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There was a huge influence of both paganism and christianity that can be noticed in Old English Poetry. To better understand these two values, let us explain what paganism and christianity mean. Christianity is a monotheistic religion centered on the life and teachings of Jesus of Nazareth. As presented in New Thestament, Christians believe Jesus to be the Son of God and the Messiah prophesied in The Old Testament. Christianity began in the 1st century AD as a Jewish sect, and shares many religious texts with Judaism, specifically the Hebrew Bible, known to Christians as the Old Testament. The name Christian means belonging to Christ or partisan of Christ. As far as Paganism is concerned, the word comes from latin paganus and means a country dweller, rustic. It is a term which has come to connote a broad set of spiritual or cultic practises or beliefs of any folk religion a nd of historical and contemprorary polytheism religious in particular. (...) Characteristic of pagan traditions in the anscence of proselytisation and presence of a living mythology which explains religious practice. The term Pagan is a Christian adaptation of the goy of Judaism.

There are many books and works that presents the influence of these two big religions on the culture. Let us focus on three examples of Old English Literature works in which this influence is the most visible for a reader.

The poem The Seafarer which belongs to the sea elegies found in the Exter Book and, can be read as an allegorial voyage poem, such allegories of journeys were richly explored in later religious poems. [L. Sikorska: 2005, p. 25] This work is divided into two parts. In the first one we can notice the story of seafarer who describes hardships of life on the sea, whereas in the second one we can find some christian elements. He approves of honest living and higher values as friendship and love.

Lonely and friendless and far from home

In my ears no sound but the roar of the sea

In all my wretchedness, weary and lone

I had no comfort of comrade or kin (24-25)

The Seafarer highlites the transience of wordly joys which are so little important and the fact thet we have no power in comparison to God. These two surely support the fact that he relied on God in his faraway journeys.

Ic gelyfe no I do not believe

южt him eorрwelan that the riches of the world

ece stondaр. will stand forever.

We can say that The Seafarer chooses his loneliness being aware of all hardships that it is connected with. Thanks to Christianity which he relies on, he is able to overcome all the odds. The motif of exhile is characteristic to pagan culture and beliefs. The pagan element connected with anglo - saxon culture that can be found in the Ubi Sunt motif. The seafarer misses friends and love because now there is no friends and no feelings. In pagan belief the exhile was the worst thing that can happen to one. He is exhiled but, what is strange, he is exhiled on his own wish. It was a kind of self-imposed exhile. After enumerating the hardships of sealife he says:

Yet still, even now, my desire outreaches,

My spirit soars over tracts of sea (60-61)

O'er the hime of the whale, and the word's expance.

For the Seafarer, death, as Christany, is a hope of angelic grace. Strewing his coffin/With treasures intended for Heaven. (80-81) The poem also reflect the Christian belief that depending on one's religious deeds, Heaven is one's reward and death is one's punishment.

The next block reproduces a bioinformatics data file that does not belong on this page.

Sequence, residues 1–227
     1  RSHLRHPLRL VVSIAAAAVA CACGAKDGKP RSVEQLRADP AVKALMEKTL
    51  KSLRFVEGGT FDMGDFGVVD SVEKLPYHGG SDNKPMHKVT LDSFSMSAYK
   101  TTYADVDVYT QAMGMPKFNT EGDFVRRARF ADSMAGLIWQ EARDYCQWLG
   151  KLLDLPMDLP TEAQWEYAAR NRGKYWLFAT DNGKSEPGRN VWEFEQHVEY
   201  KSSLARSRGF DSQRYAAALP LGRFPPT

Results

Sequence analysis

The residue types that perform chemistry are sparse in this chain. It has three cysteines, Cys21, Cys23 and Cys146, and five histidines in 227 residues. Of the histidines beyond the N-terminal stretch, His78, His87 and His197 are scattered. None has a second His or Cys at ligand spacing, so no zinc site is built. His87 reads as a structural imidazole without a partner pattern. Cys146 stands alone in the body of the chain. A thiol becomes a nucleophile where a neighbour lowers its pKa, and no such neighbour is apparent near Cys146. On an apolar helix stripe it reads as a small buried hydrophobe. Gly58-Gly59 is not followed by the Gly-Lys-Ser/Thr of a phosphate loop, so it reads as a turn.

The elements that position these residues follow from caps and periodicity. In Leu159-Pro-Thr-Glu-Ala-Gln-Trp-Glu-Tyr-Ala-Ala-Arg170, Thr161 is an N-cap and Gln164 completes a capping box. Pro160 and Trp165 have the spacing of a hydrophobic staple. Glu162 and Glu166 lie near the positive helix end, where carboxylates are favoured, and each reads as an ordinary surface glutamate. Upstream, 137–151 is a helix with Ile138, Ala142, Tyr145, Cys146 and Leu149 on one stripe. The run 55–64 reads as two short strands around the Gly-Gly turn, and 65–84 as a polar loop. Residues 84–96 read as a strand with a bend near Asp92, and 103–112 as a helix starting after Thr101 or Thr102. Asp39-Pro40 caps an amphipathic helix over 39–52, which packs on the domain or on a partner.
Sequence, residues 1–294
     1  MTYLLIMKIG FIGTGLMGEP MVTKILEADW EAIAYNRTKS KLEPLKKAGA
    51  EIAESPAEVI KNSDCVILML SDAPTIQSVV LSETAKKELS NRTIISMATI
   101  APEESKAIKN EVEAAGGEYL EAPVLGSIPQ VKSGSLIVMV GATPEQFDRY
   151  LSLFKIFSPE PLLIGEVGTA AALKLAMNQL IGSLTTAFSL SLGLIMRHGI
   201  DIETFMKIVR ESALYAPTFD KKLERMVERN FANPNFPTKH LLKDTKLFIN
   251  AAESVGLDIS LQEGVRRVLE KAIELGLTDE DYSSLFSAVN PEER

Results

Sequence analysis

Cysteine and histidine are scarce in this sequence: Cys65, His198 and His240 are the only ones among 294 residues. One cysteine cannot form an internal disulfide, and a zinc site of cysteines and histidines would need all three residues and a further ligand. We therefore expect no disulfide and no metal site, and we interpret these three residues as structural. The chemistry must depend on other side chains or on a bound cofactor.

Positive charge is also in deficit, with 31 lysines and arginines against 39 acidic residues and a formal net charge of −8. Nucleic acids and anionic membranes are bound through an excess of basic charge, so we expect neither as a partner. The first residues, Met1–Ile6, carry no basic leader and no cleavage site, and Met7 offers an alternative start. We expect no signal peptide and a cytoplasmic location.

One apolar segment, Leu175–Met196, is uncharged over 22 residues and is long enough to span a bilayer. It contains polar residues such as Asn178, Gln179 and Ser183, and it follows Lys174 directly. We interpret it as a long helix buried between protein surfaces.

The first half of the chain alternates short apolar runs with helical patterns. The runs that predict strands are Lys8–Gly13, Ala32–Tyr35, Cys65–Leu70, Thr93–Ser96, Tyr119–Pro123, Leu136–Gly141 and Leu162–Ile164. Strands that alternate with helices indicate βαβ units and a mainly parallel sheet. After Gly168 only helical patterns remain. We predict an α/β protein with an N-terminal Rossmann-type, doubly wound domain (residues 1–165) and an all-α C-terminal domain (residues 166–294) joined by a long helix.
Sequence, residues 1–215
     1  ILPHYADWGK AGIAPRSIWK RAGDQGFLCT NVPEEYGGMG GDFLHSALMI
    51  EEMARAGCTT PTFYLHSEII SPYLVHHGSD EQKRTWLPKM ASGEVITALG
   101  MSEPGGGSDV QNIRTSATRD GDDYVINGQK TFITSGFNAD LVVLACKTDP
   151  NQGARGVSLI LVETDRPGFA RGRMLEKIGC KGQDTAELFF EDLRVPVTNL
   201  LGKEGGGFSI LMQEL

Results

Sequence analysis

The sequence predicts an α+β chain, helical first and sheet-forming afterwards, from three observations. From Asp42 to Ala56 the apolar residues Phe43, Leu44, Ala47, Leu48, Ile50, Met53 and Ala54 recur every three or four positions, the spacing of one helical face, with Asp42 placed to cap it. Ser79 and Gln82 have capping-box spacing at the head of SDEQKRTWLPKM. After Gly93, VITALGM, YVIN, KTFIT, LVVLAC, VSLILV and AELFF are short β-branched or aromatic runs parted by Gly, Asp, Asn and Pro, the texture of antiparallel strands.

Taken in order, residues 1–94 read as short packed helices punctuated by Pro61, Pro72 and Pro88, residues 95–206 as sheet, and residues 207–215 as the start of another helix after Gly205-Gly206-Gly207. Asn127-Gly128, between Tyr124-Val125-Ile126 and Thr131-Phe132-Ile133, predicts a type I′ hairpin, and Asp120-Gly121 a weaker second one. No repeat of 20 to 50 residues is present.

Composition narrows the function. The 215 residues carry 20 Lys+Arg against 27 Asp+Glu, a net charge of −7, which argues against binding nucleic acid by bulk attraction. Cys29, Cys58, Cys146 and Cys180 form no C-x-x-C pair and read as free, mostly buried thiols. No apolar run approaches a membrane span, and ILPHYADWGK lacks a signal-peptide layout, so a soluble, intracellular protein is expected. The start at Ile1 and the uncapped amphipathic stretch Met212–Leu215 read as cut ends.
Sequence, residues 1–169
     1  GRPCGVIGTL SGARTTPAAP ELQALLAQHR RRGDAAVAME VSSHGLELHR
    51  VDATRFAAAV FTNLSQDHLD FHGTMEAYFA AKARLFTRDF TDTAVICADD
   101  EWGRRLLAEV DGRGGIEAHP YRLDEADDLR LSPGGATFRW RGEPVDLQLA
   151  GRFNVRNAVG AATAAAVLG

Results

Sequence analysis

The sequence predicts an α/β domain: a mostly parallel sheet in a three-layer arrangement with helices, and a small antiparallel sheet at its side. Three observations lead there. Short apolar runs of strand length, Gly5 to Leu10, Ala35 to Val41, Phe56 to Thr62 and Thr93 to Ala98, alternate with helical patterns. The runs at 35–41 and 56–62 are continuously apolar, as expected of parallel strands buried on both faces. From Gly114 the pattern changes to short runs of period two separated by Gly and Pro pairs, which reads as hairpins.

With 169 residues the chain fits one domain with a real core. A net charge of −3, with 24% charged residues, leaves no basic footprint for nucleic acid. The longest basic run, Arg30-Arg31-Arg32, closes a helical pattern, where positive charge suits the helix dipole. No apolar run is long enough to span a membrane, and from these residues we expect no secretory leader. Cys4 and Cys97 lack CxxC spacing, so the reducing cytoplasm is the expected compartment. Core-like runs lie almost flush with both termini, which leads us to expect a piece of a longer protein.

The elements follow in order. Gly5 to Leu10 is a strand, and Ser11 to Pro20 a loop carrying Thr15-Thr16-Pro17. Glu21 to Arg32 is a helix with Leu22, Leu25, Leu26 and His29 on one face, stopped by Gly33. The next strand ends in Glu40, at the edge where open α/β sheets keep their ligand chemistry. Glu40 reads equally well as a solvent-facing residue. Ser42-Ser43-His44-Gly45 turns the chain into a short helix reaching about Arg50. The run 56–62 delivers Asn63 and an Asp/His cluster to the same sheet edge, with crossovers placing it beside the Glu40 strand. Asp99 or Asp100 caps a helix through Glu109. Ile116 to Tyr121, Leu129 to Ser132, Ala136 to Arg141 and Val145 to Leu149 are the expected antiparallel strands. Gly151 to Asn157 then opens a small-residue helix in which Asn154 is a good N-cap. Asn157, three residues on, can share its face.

Death lepas at the fools who forget their God

He who lives humbly has angels from Heaven

To carry him courage and strength and belief (106-109)

An abvious prove for the fact that the seafarer could be written by a christian poet is the last word which is Amen"- a word that is used by Christians at the very end of each prayer.

Another valuable in Christian and Pagan elements poem is The Wanderer. This one was, as The Seafarer, found in the Exter Book and talks albout the hardships of man who lost his lord and lives in a sorrow. Many claim that this poem was surely written by a Christian poet and also that it was a poet who had some familiarity with Latin literature, as well as being steeped in the traditions of the Anglo - Saxon poetic craft. (J.P. Trapp: 1973, p.101). The same author highlites also the fact that poem is anallegory in which the exhile of the Wardener relfects the spiritual exhile from God of the Christian, while the hero is still in the world and his life is a kind of a pilgrimadge. The Wardener, as the Seafarer focuses on the transitory of the life on the earth connected with the Christian belief that wordly joys are not important because they pass away.

greteр gliwstafum, He greets them joyfully,

georne geondsceawaр eagerly scans

secga geseldan; the companions of men;

swimmaр oft on weg they always swim away.

He enumerates all the things that he says are not necessairy in life and there is no reason to fight for them because they are transcendent. He has a Christian morality saying that we should pay attentiononly to what we do and how we feel because those thing stay and never go away. After losing his lord he knows that those things are so less important than real feelings.

Her biр feoh lжne Here money is fleeting

her biр freond lжne, here friend is fleeting,

her biр mon lжne here man is fleeting,

her biр mжg lжne, here kinsman is fleeting,

eal ÑŽis eorÑŽan gesteal all the foundation of this world

idel weorюeр! turns to waste!

Here in the poem we can also notice the pagan value of Comitatus and Ubi sunt Motif. Both The Wardener and The Seafarer suffer the exhile. The difference between them is that in the second one it is a self-imposed exhile, whereas in the first poem,



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